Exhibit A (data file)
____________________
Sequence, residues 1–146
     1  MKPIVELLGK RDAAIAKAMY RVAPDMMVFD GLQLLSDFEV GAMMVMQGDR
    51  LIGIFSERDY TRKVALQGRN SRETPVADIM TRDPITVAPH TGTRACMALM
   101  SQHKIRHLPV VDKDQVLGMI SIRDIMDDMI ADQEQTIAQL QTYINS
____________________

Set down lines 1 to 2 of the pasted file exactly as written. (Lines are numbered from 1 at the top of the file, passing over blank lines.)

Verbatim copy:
Sequence, residues 1–146
     1  MKPIVELLGK RDAAIAKAMY RVAPDMMVFD GLQLLSDFEV GAMMVMQGDR